Four More Gardening Dilemmas

Four More Gardening Dilemmas

Does anyone other than me find it frightening that many growers still don’t have a clue what their products look like or how they perform in real life? This is known as the out-of-sight, out-of-mind syndrome.

There is nothing more beautiful than an empty greenhouse after a successful season, but can you imagine cars being manufactured without performance tests? What to do?


The answer: Visit trial gardens in your state or gardens in your town. Time is always limited but to see is to believe. Most of our products are fabulous and you will be pleased as punch to see a garden full of your cultivars. However, you will also be that much more educated when it comes to making choices for future products. And when someone asks you what you think of plant such and such, you can do more than shrug your shoulders.

One For The Road

After all my years of research, articles, talks and lectures about how to prepare plants for the marketplace, it is doubtful that a few more words will dent the hide of ignorance. However, we must tone the plants prior to moving them to the retailer, and hardening them off does not include a shot of fertilizer to green them up as they go out the door. What to do?

The answer: Reduce fertility by half and hold back water as possible. Don’t stop fertilizing, simply reduce it. I realize some systems don’t allow much manipulation of fertility concentrations, but figure it out. If we don’t take the time to reduce fertility and water in the last few weeks before sales, retailers will sell an inferior product and gardeners will be less inclined to succeed.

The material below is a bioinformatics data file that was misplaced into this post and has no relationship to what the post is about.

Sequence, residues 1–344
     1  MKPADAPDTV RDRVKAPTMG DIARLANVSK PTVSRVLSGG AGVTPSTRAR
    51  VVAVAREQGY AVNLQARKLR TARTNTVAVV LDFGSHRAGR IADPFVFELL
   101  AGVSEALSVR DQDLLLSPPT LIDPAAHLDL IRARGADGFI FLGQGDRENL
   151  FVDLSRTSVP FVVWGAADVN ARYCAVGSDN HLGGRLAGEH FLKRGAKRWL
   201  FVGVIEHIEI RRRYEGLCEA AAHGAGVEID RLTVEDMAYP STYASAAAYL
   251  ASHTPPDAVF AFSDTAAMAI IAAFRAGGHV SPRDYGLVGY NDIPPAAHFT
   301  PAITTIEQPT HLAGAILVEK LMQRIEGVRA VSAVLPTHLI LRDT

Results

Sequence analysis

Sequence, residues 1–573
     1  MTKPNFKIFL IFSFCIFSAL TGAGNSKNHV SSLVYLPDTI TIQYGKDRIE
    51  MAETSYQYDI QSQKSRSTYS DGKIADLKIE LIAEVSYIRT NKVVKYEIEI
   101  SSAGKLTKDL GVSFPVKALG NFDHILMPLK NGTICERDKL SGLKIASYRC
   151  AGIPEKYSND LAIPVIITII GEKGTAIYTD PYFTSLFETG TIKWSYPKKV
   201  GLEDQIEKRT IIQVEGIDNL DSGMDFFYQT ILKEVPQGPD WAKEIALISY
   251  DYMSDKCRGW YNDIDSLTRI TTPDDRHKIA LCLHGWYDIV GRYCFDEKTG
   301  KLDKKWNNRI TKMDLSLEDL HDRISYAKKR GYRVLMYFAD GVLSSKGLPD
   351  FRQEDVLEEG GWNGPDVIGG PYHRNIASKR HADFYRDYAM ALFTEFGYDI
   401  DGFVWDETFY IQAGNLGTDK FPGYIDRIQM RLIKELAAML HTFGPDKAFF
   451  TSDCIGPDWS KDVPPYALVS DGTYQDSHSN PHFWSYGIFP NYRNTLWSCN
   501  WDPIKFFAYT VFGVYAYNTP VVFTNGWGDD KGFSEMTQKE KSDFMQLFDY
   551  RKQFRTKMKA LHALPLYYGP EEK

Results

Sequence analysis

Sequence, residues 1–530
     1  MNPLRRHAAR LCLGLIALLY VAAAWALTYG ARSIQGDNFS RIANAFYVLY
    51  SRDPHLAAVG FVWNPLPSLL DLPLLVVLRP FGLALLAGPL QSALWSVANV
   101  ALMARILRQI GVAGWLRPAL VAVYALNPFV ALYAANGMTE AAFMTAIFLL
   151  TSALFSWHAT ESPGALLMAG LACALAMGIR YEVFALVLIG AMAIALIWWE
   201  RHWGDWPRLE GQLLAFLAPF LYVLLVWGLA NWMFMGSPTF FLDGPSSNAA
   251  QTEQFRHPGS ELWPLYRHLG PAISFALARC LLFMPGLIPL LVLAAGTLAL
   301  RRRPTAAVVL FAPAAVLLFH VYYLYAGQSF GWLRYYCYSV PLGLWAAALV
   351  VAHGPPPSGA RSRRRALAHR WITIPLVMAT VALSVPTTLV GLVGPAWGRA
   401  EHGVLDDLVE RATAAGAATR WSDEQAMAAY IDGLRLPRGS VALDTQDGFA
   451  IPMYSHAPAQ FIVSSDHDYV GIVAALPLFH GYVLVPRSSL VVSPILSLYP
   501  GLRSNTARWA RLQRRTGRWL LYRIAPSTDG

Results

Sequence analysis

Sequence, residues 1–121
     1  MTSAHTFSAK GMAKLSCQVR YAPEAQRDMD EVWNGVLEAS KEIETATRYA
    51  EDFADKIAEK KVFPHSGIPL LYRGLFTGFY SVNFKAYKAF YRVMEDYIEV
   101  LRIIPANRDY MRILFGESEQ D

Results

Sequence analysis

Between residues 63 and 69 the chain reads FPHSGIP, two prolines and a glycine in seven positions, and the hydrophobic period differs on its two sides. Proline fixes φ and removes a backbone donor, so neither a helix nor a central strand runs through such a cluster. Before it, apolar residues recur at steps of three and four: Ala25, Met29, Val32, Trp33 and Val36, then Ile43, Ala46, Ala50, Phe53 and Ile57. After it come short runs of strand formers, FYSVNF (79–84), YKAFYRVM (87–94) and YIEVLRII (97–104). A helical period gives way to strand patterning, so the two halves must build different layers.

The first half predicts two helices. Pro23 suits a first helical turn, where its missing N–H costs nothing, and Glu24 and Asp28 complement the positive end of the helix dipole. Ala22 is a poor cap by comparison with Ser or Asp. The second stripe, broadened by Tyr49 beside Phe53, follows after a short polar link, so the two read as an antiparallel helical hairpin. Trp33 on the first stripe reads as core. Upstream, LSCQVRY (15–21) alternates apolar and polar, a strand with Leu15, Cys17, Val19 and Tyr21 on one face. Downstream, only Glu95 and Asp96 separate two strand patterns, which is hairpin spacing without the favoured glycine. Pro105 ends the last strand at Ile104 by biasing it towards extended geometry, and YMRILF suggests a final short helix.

And in case you haven’t gotten my gist yet, they are the important ones. Helping the public succeed must be the philosophy of every link of the floricultural chain, and drowning your plants in blue water as they depart is a definite chain chinker.

Shoppers Love Good Labels

Labeling costs money, and as margins shrink, costs must be reduced. Perhaps better labeling is more of a retailer problem than a grower problem. But let’s face it: We’ll end up doing most of it ourselves anyway.

Numerous articles have recently shown how other countries seem to be able to use larger, more colorful and more educational labels than we do–and still make a profit. It is well known that color sells our product, and it is inevitable that labels will become part of that color. This is certainly true with products like perennials and specialty annuals that may not always be in full color at time of sale. What to do?
The answer: Special labels may be justified for special programs, such as one for a line of perennials or specialty annuals. If shoppers are attracted to labels then additional plants will be sold. However, get ready, because the label that states “Red Petunia” will be insufficient in the next couple of years.

Gardening Must Be Fun

Gardeners are a varied lot, including those who delight at the sight of 99-cent impatiens to those who buy flats of the same impatiens, to those who wouldn’t have an impatiens in their garden. From our point of view, it doesn’t matter; as long as everyone succeeds. That is, when the one black petunia or one tall perennial or a dozen calibrachoa baskets are planted, they are ready to take off and provide fun for the gardener.

A good planting begets more plants, more good stories and results in more gardeners coming into the fold. Otherwise, they will buy chocolates, get big and fat and won’t be able to bend over to plant our magnificent plants at all–all because we sold them a lousy plant. What to do?

The answer: Do your best, have fun and enjoy the fraternity of gardeners. They are the future.